“I Don’t Play” Little Walter 1960 Robben Ford
“I Got My Brand on You” Muddy Waters 1960 Alexis Korner
“I Got What It Takes” Koko Taylor 1964
“I Just Want to Make Love to You” Muddy Waters 1954 Willie Dixon, The Animals, The Kinks, The Yardbirds, Shadows of Knight, Mungo Jerry, Grateful Dead, Foghat, The Rolling Stones, Etta James, Van Morrison, Paul Rodgers, Tom Petty and the Heartbreakers, April Wine, Robben Ford, Meat Puppets, Cold Blood, The Sensational Alex Harvey Band, The Righteous Brothers, Johnny Kidd & The Pirates, Chuck Berry, Sam Cooke
“I Love the Life I Live, I Live the Life I Love” Muddy Waters 1956 Willie Nelson, John P. Hammond, Mose Allison
“I Want to Be Loved” Muddy Waters 1955 The Rolling Stones
“I’m a Natural Born Lover” Muddy Waters 1954
“I’m Ready” Muddy Waters 1954 Humble Pie, Buddy Guy, Aerosmith, Long John Baldry, Eric Burdon, George Thorogood, Albert King, John P. Hammond, Carey Bell, The Blues Band, Luther Johnson
“If the Sea Was Whiskey” Big Three Trio 1947 Chris Thile and the How to Grow a Band
“Insane Asylum” Koko Taylor 1968 Kathi McDonald & Sly Stone, Diamanda Galás, Asylum Street Spankers, The Detroit Cobras, Oxbow & Marianne Faithfull
“It Don’t Make Sense (You Can’t Make Peace)” Willie Dixon 1984 Styx
“Let Me Love You Baby” Buddy Guy 1961 Koko Taylor, Stevie Ray Vaughan, Jeff Beck, Muddy Waters, B.B. King
“Little Baby” Howlin’ Wolf 1961 The Rolling Stones, The Blues Project
“Little Red Rooster” Howlin’ Wolf 1961 Sam Cooke, The Rolling Stones, Grateful Dead, The Doors, Luther Allison, The Jesus and Mary Chain, Big Mama Thornton, Tom Petty and the Heartbreakers
“Mellow Down Easy” Little Walter 1954 Cactus, Paul Butterfield, The Black Crowes, Carey Bell, ZZ Top, Jimmy Reed, Holly Golightly, John P. Hammond
“Mighty Earthquake and Hurricane” aka “Earthquake and Hurricane” Willie Dixon 1978 Tina Turner
“Move Me” Willie Dixon 1959
“My Babe” Little Walter 1955 Sonny Boy Williamson, Elvis Presley, The Everly Brothers, Lonnie Mack, Spencer Davis Group, John P. Hammond, Bo Diddley, Muddy Waters, The Remains, Othar Turner, James Cotton, Bo Diddley, Memphis Slim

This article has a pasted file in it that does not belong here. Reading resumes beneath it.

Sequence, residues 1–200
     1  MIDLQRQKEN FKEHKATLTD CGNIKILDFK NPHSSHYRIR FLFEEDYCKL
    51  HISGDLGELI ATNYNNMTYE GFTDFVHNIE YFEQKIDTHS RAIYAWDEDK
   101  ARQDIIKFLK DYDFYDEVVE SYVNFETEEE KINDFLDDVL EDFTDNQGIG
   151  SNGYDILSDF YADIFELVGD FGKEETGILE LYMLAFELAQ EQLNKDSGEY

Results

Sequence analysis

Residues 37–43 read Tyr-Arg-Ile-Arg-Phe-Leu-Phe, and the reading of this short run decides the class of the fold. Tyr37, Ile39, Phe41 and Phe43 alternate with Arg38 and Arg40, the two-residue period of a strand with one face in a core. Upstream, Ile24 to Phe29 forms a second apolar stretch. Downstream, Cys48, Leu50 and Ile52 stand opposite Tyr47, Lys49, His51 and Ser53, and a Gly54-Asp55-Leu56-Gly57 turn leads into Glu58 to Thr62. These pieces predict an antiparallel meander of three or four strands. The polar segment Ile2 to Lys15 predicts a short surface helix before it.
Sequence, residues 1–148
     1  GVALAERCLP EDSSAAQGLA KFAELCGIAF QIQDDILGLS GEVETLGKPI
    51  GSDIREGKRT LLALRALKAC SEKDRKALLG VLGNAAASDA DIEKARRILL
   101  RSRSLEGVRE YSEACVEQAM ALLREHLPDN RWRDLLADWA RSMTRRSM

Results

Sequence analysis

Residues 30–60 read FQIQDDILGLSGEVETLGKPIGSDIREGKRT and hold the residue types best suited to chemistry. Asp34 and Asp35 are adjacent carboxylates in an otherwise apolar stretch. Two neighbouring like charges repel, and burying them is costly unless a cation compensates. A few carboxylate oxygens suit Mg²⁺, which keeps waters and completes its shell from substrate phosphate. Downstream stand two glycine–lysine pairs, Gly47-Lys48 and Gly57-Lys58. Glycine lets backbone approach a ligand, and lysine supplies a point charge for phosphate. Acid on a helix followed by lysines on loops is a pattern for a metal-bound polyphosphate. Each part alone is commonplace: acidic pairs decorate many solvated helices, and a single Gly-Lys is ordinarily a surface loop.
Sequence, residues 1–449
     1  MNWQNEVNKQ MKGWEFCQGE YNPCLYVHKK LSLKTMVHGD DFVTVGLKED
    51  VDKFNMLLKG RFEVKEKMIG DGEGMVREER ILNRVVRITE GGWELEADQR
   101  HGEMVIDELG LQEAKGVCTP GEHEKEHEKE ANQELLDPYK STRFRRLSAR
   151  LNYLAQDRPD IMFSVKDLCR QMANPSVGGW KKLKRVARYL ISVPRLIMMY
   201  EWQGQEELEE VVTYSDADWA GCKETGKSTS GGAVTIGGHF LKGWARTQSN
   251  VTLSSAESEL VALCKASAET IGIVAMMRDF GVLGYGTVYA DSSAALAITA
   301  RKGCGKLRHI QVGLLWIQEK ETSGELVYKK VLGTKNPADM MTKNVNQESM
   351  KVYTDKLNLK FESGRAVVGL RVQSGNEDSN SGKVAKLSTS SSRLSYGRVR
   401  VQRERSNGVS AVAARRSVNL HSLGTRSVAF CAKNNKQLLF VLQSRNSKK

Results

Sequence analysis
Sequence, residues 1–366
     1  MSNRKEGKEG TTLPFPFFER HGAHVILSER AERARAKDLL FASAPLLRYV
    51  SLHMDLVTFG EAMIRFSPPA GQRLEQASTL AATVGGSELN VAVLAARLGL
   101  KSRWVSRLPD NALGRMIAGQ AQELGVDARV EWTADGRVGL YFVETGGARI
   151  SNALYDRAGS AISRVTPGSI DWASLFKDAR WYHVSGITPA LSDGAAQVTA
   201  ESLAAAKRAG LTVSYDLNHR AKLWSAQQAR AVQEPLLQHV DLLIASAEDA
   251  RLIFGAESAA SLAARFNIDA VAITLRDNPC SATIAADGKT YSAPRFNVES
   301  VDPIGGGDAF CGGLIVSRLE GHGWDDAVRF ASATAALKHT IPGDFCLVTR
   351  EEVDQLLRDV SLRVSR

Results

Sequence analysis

“My Baby’s Sweeter” Little Walter 1959 Fleetwood Mac
“My Love Will Never Die” Big Three Trio 1952 Otis Rush, Magic Sam, Robben Ford
“Nervous” Willie Dixon 1959 Andre van Duin (as a parody, in Dutch)
“Oh Baby” Little Walter 1954
“Pain in My Heart” Willie Dixon 1955
“Pretty Thing” Bo Diddley 1956 Pretty Things, Canned Heat
“The Same Thing” Muddy Waters 1964 Willie Dixon, George Thorogood, The Allman Brothers Band, Sue Foley, Marc Ford, Grateful Dead, The Band, Louisiana Red, Eddie C. Campbell
“The Seventh Son” Willie Mabon 1956 Mose Allison, Bill Haley, Johnny Rivers, Sting, Climax Blues Band, Long John Baldry, Remo Four, Georgie Fame, John P. Hammond
“Shake for Me” Howling Wolf 1961 Stevie Ray Vaughan, John P. Hammond
“Sittin’ and Cryin’ the Blues” aka “Sit and Cry (The Blues)” Buddy Guy 1958 Willie Dixon
“Spider in My Stew” Buster Benton 1974 Magic Slim
“Spoonful” Howlin’ Wolf 1960 Muddy Waters, Bo Diddley, Shadows of Knight, Dion, Paul Butterfield, Cream, Canned Heat, Grateful Dead, Ten Years After, The Who, Etta James, Salty Dog, Delbert McClinton, Allman Joys, Gil Evans
“Study War No More” Willie Dixon 1989
“Talk to Me Baby” aka “I Can’t Hold Out” Elmore James 1960 Fleetwood Mac, Eric Clapton
“Third Degree” Eddie Boyd 1953 Willie Dixon, Eric Clapton, Leslie West, Johnny Winter
“Three Hundred Pounds of Joy” Howlin’ Wolf 1963 Tom Jones & Jools Holland, Blues Brothers, Dana Gillespie
“Tollin’ Bells” Lowell Fulson 1956 Savoy Brown, Robert Cray, Paul Butterfield, Robert Cray
“Too Late” Little Walter 1953 Little Milton
“Too Many Cooks” Jessie Fortune 1961 Buddy Guy, Robert Cray, Mick Jagger
“Violent Love” Big Three Trio 1951 Otis Rush, Oingo Boingo, Dr. Feelgood, Skankin’ Pickle
“Wang Dang Doodle” Howlin’ Wolf 1960 Koko Taylor, Grateful Dead, Savoy Brown, Box Tops, PJ Harvey, Rufus Thomas, The Pointer Sisters, The Blues Band, Widespread Panic, Warren Zevon, Dave Edmunds
“Weak Brain, Narrow Mind” Willie Dixon 1964 Great White, Widespread Panic
“What in the World You Goin’ to Do” John Littlejohn 1968
“When My Left Eye Jumps” Buddy Guy 1967
“When the Lights Go Out” Jimmy Witherspoon 1954 Kim Wilson
“You Can’t Judge a Book by the Cover” Bo Diddley 1962 Shadows of Knight, Cactus, The Yardbirds, Beat Farmers, The Fabulous Thunderbirds, Tim Hardin, The Merseybeats, Elliott Murphy, Long John Baldry, The Monkees, Eric Clapton, Roy Buchanan, Tom Rush, The Rolling Stones, John P. Hammond, Dion Dimucci, Delbert McClinton
“You Know My Love” Otis Rush 1960 Gary Moore, Anson Funderburgh
“You Need Love” Muddy Waters 1962 Candye Kane, Savoy Brown, The Small Faces
“You Shook Me” Muddy Waters 1962 Willie Dixon, Jeff Beck Group, Led Zeppelin, Dread Zeppelin
“You’ll Be Mine” Howlin’ Wolf 1961 Stevie Ray Vaughan, Dr. Feelgood, John P. Hammond
“Young Fashioned Ways” Muddy Waters 1955 Koko Taylor

3 thoughts on “Willie Dixon”

  1. Gary you really know the History of Blues and Rock N” Roll. I was fortunate
    to be in Chicago in l968 and visit CHESS RECORDS and meet the Chess Brothers great Club and label owners. I have a Willie Dixon album called GINGERALE. Check it out.

    Hugh “BABE” O’Donnell
    THE EMPEROR OF MUSIC And Record Collector.